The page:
21 As we where up early, we usually managed to avoid the schools of divers that sometimes crowd those sites.
22 Some times we hit rush hour though...
23 Serene with one of many turtles at New Drop-off.
24 Jacks swimming up to a Grey reef shark, getting ready to rub themselves against its rough skin to get rid of parasites.
25 Jenny and Serene on the sandy bottom at Grasslands.
26 On the last dive before going kayaking, we returned to German channel and the mantas.
27 For the next part of the trip we went kayaking and snorkeling in the Rock islands. Paul and Serene had left us and May had joined.
28 May listening to our excellent guide Ron Leidich describing the giant man-eating Nepenthes mirabilis that is only found in the Rock islands...
29 The typical mushroom shape of the islands is the result of bioerosion.
30 One of the main bioeroders is the Chiton. Chitons have an abrasive tongue with radular teeth made of magnetite which they use to scrape algea from the rocks. Or, to put it differently - they lick the rock away with tongues of steel!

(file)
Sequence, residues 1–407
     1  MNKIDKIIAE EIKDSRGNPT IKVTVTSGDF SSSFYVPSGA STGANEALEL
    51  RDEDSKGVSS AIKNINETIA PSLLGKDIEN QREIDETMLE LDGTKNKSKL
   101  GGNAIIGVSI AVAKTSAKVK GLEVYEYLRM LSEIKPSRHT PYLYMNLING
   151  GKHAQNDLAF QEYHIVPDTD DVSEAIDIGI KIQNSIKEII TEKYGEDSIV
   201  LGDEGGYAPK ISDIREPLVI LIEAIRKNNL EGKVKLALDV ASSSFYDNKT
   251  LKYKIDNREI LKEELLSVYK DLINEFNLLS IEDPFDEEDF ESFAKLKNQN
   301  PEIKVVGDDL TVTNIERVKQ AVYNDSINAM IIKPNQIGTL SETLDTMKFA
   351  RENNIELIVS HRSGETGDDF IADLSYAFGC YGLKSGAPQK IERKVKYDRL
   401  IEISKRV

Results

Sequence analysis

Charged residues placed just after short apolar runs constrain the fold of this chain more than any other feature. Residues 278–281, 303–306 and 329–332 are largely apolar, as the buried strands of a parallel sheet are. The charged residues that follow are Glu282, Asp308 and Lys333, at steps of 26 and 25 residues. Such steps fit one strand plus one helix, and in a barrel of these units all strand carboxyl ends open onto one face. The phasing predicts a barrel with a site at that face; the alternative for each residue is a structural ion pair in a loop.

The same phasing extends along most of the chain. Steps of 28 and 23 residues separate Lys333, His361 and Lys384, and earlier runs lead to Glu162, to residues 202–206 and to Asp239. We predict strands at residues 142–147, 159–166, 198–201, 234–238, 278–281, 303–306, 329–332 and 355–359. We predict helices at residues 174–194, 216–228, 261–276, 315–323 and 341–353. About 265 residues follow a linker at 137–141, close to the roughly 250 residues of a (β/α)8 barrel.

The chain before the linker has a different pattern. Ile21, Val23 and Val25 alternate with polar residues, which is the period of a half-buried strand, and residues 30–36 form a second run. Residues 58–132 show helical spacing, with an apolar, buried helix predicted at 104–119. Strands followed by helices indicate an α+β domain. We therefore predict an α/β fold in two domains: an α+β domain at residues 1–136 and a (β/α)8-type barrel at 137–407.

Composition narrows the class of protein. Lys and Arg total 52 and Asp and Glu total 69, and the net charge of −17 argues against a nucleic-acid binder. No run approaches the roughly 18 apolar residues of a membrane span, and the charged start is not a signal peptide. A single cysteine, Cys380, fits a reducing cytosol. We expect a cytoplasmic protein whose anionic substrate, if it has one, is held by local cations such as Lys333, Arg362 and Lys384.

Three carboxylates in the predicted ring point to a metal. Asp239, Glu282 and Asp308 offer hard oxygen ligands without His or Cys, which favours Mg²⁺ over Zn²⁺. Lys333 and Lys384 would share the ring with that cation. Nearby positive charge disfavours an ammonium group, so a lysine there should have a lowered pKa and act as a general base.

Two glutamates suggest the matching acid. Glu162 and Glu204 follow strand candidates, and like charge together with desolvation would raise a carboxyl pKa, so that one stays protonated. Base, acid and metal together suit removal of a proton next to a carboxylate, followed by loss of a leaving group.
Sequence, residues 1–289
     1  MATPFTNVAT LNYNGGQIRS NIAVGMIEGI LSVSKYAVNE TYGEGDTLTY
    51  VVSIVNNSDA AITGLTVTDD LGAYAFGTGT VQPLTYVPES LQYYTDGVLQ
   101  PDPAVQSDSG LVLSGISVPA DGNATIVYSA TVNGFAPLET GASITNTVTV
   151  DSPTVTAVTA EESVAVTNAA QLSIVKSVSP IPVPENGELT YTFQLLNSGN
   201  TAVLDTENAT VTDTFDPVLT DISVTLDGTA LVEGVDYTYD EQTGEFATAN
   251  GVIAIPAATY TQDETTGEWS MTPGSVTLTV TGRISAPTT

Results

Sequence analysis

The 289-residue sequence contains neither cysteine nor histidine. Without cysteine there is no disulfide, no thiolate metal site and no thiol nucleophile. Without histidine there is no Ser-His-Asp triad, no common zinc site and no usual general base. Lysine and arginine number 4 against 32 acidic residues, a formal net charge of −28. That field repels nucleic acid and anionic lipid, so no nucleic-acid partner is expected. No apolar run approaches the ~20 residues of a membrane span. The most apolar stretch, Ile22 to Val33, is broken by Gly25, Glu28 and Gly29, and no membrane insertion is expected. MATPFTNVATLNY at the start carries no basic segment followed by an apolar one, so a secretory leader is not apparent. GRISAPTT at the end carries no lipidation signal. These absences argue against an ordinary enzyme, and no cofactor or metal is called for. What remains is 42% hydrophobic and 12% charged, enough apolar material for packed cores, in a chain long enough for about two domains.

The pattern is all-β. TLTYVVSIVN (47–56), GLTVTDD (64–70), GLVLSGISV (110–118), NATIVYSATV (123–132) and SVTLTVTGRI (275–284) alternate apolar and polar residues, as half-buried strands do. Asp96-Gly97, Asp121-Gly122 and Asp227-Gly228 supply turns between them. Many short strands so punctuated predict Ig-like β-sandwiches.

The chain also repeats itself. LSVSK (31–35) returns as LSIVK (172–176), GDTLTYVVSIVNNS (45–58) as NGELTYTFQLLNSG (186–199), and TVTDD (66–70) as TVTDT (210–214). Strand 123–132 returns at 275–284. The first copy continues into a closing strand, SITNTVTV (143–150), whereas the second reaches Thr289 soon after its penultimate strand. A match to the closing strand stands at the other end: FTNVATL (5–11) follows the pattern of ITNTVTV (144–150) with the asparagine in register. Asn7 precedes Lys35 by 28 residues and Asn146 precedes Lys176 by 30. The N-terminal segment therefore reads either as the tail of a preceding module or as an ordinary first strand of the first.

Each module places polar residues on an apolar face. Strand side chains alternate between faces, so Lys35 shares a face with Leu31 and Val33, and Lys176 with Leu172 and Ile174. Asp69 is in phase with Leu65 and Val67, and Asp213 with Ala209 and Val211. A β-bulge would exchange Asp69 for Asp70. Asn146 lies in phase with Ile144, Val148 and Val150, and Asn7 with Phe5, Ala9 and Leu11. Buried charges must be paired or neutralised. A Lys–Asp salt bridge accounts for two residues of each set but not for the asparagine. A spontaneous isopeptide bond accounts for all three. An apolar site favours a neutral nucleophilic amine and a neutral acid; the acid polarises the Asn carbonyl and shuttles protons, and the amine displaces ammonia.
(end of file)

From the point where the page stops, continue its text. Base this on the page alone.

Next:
31 Those lush Rock islands sure look soft and comfy.
32 I soon found out that they are not though. They are hard, slippery and full of sharp rocks. I slipped while exploring an island and cut my arm quite badly.
33 In the evenings we returned to base camp where solar-heated showers, change of bandages and superb dinners waited.
34 We slept in tents on the beach. The small foot bath is a clever way to keep sand out of the tents.
35 The view from the tents was OK...
36 Ron on top of the remains of a Japanese vessel. Palau was the scene of a major battle during World War II.
37 A visit to Jellyfish lake is usually a must if you go to Palau. As we had all been there already we skipped it. We did see jellyfish in other marine lakes though.
38 Tony catching a ride.
39 The protected waters in the marine lakes has resulted in some spectacular coral growth.
40 Different colored version of the same coral species grows next to each other.